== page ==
Intended for healthcare professionals

Opinion

Europe must come together to confront omicron

BMJ 2022; 376 doi: https://doi.org/10.1136/bmj.o90 (Published 13 January 2022) Cite this as: BMJ 2022;376:o90

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  1. Health professionals and researchers from across Europe

The SARS-CoV-2 omicron variant is spreading rapidly in Europe, even in countries with high levels of vaccination, including those that have moved quickly with booster vaccinations.12 We write as health professionals and researchers from across Europe to call for concerted European action to address the immediate threat and to move rapidly to develop joint plans to tackle future variants of concern effectively. EU Member States have accepted the principle of a European Health Union and have put in place measures to create a Health Emergency Preparedness and Response Authority.3 They now need to show that they can work together in ways that they have not always done before.

The need for urgent action stems from knowledge gained from laboratory and epidemiological studies that antibodies resulting from vaccination or prior infection with earlier variants have reduced ability to neutralise omicron, leading to frequent reinfections.45 While infections with omicron appear to be inducing less severe disease and to result in fewer deaths in these highly vaccinated populations, it is still causing high levels of hospitalisations in many countries, with pressure on health services exacerbated by infections among health and other essential workers.1678 There are also worrying reports of its impact on children, who in most countries have been at most only partially vaccinated, as well as concerns about its longer term consequences, including long covid. While early reports from South Africa, amplified by media organisations, suggested that omicron is causing “mild” disease, the Director General of World Health Organisation (WHO) has argued that it should not be categorised in this way.9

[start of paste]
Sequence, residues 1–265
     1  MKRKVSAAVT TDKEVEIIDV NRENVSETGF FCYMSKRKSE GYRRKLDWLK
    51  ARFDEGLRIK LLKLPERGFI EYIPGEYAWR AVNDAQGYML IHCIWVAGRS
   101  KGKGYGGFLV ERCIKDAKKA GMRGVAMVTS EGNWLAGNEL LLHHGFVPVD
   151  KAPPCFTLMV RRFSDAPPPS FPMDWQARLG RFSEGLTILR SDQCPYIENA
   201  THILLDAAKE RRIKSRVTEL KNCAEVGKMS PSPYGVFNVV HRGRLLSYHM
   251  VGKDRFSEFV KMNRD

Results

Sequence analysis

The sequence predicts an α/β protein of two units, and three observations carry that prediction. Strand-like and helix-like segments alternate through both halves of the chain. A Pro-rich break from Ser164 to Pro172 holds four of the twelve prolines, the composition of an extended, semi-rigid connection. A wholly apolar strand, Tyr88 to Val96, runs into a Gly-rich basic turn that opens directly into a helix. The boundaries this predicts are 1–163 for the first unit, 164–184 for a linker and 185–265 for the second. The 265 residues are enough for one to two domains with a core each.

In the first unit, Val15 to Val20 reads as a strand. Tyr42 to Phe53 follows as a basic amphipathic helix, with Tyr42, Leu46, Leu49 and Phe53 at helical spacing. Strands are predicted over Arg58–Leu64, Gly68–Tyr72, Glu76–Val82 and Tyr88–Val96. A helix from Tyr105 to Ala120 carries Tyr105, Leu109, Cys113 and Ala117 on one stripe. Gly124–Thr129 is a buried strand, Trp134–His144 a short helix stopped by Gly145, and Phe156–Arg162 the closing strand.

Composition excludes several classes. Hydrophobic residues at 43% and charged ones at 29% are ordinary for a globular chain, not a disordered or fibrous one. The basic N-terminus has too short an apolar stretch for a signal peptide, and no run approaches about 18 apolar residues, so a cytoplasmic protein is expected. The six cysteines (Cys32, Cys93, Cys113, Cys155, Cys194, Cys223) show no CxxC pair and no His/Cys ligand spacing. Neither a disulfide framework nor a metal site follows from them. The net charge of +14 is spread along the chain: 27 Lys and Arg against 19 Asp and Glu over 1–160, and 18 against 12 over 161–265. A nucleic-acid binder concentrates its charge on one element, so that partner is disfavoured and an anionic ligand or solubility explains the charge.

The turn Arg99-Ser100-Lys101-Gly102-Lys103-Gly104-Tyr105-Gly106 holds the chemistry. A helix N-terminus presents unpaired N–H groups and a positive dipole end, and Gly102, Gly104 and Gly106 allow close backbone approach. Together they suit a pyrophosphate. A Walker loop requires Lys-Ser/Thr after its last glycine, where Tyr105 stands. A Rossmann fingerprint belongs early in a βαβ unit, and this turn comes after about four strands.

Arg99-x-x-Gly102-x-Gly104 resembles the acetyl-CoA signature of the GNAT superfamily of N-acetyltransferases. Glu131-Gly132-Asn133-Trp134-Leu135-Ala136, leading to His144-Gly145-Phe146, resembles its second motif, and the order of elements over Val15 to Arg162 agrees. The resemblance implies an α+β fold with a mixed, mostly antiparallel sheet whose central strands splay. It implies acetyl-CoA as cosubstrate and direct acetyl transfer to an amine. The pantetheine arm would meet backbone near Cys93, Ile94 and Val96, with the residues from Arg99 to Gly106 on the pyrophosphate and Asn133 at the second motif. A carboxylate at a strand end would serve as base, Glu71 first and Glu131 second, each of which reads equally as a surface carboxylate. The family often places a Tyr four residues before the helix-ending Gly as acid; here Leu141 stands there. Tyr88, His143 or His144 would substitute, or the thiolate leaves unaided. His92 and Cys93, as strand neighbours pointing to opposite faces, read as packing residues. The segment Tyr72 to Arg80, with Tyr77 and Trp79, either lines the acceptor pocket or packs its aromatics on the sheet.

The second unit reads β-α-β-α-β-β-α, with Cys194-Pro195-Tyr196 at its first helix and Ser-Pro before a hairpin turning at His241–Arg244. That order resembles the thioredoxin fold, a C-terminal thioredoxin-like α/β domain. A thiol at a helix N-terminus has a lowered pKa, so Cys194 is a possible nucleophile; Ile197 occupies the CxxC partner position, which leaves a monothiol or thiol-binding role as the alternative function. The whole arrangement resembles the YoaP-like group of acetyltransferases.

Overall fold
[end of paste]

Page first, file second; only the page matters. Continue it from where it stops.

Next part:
Two years into the pandemic, the dangers of delayed, ineffective, or uncoordinated mitigation measures should be clear. We also know which strategies are most effective.10 These are a combination of minimising mixing with others in indoor spaces, and where this cannot be avoided, making these settings safer with good ventilation, air filtration, and mask wearing, supported by appropriate use of testing. There is no excuse for delay or inaction.